The new Polo places itself at the mature end of the supermini market. A smart interior and a larger cabin make it a great choice for young adults. Because of this, it’s never been able to find favour amongst enthusiasts. It lacks the effervescence of the Golf GTI’s.
The exterior is disappointing when compared to similar cars in the market, the addition of the iconic honeycomb grill and red highlights do little to make the Polo stand out. Some people may like the understated look but if you’re buying a car of this ilk surely you want some visual pizzazz rather than looking like the standard model?
For now, we have to make do with a DSG-equipped car, VW say it should still rattle off the 0-62mph in around 6.7 seconds. It doesn’t feel right though, we have nothing against DSG gearboxes but it doesn’t fit the ethos of a supermini. The purpose of this car is to drive it at ten tenths, by not having a manual gearbox it feels like some of the joy has been taken away. Give us an automatic when we’re cruising the motorway, not in a car we want to thrash!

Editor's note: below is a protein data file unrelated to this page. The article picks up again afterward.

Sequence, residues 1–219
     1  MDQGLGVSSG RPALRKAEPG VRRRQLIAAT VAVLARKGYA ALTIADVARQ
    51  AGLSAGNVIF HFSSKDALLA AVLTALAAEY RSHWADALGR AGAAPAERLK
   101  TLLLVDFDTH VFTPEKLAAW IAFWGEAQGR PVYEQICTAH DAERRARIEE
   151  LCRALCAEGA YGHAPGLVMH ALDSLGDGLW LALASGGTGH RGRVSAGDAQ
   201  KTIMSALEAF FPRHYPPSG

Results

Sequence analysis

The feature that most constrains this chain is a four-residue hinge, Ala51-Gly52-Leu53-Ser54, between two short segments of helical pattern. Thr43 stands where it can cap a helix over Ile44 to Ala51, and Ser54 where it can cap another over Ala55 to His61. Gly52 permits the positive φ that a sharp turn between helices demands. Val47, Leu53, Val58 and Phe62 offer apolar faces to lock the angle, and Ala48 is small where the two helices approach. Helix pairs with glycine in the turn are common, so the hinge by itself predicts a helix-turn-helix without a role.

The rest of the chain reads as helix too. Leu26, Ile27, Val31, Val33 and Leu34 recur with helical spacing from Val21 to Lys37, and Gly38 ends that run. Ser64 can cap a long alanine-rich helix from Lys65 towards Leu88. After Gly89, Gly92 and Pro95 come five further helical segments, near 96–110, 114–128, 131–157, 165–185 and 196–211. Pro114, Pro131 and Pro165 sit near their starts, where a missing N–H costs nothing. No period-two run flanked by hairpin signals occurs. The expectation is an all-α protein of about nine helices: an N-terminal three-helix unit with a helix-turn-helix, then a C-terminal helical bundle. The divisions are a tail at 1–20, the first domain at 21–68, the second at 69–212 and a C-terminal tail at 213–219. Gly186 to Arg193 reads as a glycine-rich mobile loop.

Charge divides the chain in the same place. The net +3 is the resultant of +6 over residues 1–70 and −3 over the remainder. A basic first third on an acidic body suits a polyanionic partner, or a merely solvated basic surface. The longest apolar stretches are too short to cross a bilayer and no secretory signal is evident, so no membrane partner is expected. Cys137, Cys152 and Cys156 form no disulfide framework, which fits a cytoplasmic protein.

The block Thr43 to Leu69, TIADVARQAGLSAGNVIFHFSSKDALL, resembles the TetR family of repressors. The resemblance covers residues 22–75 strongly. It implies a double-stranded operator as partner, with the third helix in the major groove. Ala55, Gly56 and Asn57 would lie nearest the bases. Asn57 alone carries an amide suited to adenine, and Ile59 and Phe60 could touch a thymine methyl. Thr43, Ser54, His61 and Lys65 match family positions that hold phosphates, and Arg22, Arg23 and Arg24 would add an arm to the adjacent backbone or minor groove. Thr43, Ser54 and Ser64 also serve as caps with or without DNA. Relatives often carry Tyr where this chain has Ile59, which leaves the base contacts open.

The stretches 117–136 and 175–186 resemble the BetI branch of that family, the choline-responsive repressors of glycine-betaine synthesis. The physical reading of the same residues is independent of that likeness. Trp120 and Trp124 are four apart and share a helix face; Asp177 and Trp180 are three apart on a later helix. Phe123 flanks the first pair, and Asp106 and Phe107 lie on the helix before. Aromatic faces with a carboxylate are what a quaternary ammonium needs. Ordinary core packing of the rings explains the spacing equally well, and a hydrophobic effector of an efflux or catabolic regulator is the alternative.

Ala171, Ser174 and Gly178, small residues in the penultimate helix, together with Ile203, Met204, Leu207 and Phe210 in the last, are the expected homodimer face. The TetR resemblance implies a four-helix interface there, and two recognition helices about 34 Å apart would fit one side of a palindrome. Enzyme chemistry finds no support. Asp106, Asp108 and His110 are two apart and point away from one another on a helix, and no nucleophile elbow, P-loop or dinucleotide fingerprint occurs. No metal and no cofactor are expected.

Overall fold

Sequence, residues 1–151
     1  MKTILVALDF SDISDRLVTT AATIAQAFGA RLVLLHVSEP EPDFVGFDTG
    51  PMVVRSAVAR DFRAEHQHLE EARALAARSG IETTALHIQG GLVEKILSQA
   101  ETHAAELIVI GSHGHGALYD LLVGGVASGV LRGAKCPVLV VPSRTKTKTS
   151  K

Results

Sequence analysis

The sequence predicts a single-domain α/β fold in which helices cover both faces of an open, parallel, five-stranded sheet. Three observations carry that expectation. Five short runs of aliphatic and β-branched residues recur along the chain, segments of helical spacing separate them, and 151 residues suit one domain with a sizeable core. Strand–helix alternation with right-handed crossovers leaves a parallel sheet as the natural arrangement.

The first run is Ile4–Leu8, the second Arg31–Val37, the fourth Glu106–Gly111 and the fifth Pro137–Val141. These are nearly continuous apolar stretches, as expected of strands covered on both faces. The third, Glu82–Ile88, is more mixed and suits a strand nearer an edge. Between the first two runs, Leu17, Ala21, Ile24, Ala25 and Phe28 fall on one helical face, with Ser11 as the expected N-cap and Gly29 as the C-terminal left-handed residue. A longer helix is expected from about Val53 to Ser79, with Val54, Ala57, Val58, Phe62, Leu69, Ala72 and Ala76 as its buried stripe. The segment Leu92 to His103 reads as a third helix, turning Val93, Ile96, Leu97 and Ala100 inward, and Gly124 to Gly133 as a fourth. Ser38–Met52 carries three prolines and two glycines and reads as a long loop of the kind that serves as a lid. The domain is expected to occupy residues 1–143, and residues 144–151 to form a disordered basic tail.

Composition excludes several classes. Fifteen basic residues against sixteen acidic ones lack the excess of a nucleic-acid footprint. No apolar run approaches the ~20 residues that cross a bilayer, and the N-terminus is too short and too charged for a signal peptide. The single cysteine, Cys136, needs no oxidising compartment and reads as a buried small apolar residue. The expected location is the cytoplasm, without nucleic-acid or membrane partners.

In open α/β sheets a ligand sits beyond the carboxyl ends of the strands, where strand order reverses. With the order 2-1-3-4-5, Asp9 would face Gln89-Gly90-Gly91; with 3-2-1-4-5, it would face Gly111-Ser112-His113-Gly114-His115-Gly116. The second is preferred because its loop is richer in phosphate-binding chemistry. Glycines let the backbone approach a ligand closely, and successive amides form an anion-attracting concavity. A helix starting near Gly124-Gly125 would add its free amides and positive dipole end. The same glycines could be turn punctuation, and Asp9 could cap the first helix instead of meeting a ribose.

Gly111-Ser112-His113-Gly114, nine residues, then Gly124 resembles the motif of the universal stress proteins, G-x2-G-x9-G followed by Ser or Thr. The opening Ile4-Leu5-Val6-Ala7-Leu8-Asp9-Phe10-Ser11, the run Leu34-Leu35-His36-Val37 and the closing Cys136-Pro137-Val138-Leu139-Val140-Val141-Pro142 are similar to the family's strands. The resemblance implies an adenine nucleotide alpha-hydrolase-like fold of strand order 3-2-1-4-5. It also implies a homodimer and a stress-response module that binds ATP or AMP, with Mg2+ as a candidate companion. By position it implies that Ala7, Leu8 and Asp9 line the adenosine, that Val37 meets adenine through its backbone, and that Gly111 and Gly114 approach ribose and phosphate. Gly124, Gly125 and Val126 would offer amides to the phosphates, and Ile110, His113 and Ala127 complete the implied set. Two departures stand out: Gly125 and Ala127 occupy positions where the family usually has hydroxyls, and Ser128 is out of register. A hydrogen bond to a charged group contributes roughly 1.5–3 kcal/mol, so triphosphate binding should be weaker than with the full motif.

Where this car really shines though is its interior, as you’d expect tartan covers the main seat body, a nod to the original GTI. The growth in width has helped the Polo feel more spacious inside, both passengers in the front and back feel the benefit of the extended wheelbase. Overall the car feels well put together too. The dash is also covered in a huge slab of red plastic, it gives a bit of life to an otherwise dull interior. The main focus point however is the large centre screen, position perfectly for the driver to glance at whilst driving. Plus cars are to fitted with VW’s Active Info Display, while this isn’t as high resolution as the Golf it’s still a USP for the supermini.